But The Caves’ owner Ryan Waugh allegedly ignored some of these limitations. Waugh dug an unpermitted cave into a mountain, and hosted guests at unapproved ridgetop tasting patios. After county officials became aware of the violations, they ordered Waugh in 2014 to block off (but not fill in) the illegal cave, stop the unauthorized wine tastings and muffle a noisy generator.

Neighbors had complained about the generator’s din, claiming that Waugh had promised years earlier to connect his facility to silent power lines. They’re primarily concerned, however, about the winery’s impacts on local traffic and congestion.

County documents report that Waugh followed through on all orders to correct the violations (something neighbors, who say they can still hear the generator, dispute). Then, Waugh submitted a request for a modification to his permit, and in April, the Napa County Planning Commission voted to approve it. The new permit brings the unauthorized components of his operation into full legal compliance while also increasing The Cave’s annual production limit from 30,000 gallons of wine to 60,000. The decision is a win for Waugh, who has reportedly put his winery on the market for $12.5 million.

Neighbors say that laws don’t apply to people invested in Napa County’s influential wine industry.

“You can just drill an unpermitted cave and have unpermitted tastings, and just get retroactive approval from the county, and get more allowed production than you initially had,” says Anthony Arger, who lives nearby. Arger is concerned that The Caves’ enhanced use permits will lead to a dangerous increase in vehicle use on Soda Canyon Road.

The county’s decision to clear Waugh’s record while allowing him to enlarge his business illuminates what Arger and other community activists say is part of a countywide problem. They argue that Napa County officials, especially those in the Planning, Building and Environmental Services department, collude with the wine industry, ignoring violations of local rules, to increase wine production and tourist visits at the expense of the environment and local residents’ health and safety.

Read more at: Here’s How Big Wine Gets To Avoid Environmental Rules in Napa | KCET

Filed under Agriculture/Food System, Land Use, Water, Wildlife

Westside Road residents want to stop proposed winery near Healdsburg, citing safety concerns

J.D. Morris, THE PRESS DEMOCRAT

A group of concerned Westside Road residents want Sonoma County planners to halt a new winery proposed for the premier grape-growing corridor southwest of Healdsburg.

Their concerns center largely around traffic safety issues, but they illustrate yet another episode of neighborhood conflict over the spread of the region’s signature industry as county officials prepare to consider policy changes later this year.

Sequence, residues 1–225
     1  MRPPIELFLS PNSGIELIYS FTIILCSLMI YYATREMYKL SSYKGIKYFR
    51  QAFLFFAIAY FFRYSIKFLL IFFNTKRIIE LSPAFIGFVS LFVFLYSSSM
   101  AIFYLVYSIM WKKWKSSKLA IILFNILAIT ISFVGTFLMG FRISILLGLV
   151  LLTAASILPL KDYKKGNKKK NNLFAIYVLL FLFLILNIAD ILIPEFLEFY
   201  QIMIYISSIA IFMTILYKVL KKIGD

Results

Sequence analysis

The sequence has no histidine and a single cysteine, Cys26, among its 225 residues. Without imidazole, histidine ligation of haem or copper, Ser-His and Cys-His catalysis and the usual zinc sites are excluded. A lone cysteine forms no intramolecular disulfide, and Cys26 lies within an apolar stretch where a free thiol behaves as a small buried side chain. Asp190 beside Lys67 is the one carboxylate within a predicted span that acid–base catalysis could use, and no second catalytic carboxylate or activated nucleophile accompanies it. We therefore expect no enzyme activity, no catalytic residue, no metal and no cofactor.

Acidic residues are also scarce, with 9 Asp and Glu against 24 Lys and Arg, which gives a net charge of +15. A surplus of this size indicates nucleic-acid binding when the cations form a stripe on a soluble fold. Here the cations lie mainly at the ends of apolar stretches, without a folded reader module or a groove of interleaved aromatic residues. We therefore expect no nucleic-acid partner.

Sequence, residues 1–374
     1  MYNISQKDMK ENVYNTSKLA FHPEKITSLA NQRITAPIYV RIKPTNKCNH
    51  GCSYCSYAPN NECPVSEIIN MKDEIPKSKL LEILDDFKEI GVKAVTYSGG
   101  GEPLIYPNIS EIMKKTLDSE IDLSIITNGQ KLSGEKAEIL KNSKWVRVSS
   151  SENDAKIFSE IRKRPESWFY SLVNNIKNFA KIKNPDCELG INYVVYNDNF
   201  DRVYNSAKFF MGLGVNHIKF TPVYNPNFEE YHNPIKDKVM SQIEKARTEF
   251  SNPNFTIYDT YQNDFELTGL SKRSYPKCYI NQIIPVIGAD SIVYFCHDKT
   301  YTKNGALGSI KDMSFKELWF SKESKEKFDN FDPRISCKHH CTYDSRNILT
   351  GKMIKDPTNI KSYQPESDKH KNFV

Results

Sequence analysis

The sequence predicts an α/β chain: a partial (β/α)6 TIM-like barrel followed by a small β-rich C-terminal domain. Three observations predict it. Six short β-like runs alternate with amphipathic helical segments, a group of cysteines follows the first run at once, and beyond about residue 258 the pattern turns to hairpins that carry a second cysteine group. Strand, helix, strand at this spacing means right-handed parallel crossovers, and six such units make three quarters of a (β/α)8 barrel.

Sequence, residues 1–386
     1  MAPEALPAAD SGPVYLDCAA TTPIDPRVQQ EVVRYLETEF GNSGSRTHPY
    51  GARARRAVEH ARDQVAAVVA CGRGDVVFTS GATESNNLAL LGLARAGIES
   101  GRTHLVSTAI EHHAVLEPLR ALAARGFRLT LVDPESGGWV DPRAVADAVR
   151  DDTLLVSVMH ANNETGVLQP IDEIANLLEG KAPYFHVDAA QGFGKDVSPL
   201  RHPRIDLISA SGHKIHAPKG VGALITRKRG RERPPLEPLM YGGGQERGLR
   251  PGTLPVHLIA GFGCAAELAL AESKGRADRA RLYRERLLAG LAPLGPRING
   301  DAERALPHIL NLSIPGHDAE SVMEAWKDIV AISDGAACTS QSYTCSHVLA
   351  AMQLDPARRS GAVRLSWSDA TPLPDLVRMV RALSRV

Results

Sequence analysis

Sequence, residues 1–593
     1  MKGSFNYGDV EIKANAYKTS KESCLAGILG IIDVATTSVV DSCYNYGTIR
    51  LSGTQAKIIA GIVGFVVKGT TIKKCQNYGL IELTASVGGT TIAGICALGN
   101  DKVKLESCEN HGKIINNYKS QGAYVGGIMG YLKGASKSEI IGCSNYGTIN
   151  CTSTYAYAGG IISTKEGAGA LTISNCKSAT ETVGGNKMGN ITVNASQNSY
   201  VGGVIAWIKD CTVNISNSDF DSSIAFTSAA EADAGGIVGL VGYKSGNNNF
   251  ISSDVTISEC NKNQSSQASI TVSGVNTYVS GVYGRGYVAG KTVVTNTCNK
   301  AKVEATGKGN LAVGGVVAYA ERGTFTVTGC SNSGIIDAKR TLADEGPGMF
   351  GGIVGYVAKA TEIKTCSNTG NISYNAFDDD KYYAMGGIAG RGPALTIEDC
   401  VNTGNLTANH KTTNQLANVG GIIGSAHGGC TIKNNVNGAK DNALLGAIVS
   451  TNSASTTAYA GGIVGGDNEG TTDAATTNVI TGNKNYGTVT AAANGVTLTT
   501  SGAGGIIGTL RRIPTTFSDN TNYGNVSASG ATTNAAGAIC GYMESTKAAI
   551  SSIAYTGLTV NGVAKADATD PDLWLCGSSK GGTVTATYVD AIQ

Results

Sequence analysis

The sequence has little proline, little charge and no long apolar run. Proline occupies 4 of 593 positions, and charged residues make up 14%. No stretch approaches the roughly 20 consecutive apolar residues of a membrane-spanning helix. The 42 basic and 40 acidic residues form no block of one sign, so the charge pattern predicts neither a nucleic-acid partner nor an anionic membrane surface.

The county’s Board of Zoning Adjustments will hold a public hearing Thursday to consider issuing a use permit for a new winery on an approximately 26-acre site at 4603 Westside Road, an area that already contains one of the county’s highest concentration of wineries. As envisioned by its proponents, the new winery would produce 10,000 cases annually and would host 37 special gatherings, including a dozen promotional event days with as many as 150 people. Its events would include no weddings.

County staff members are recommending the zoning board approve the use permit, but the project has received strong resistance from neighbors who primarily cite two sharp turns in the road near the driveway that would lead into the winery. Residents say the turns are too tight and that the project’s proximity to them means it can’t provide sufficiently safe sight lines for motorists. They want the zoning board to reject the project.

Resident Judith Olney, who lives about one and a half miles up Westside Road from the winery site, said the project’s approval would be akin to “playing Russian roulette with public safety.”

Read more at: Westside Road residents want to stop proposed winery near Healdsburg, citing safety concerns | The Press Democrat

Filed under Land Use, Sustainable Living

Op-Ed: Concerns that linger about Chanate deal

Maggie Bradley, THE PRESS DEMOCRAT

I have three serious concerns regarding the Chanate Road property development. The first one is about the manner in which the Board of Supervisors handled the sale and future development of the taxpayer-owned land surrounding the property. The second is the manner and way the public’s concerns were handled by Supervisor Shirlee Zane. And the final concern is about the lack of sustainability in the building and development of this new community.

The first issue has to do with accessibility and information. Who has it and how do they get it? What I know, based on the reporting done by The Press Democrat and from others, is that there were two proposals vying for the development contract. Two supervisors had only read Bill Gallaher’s proposal prior to the vote.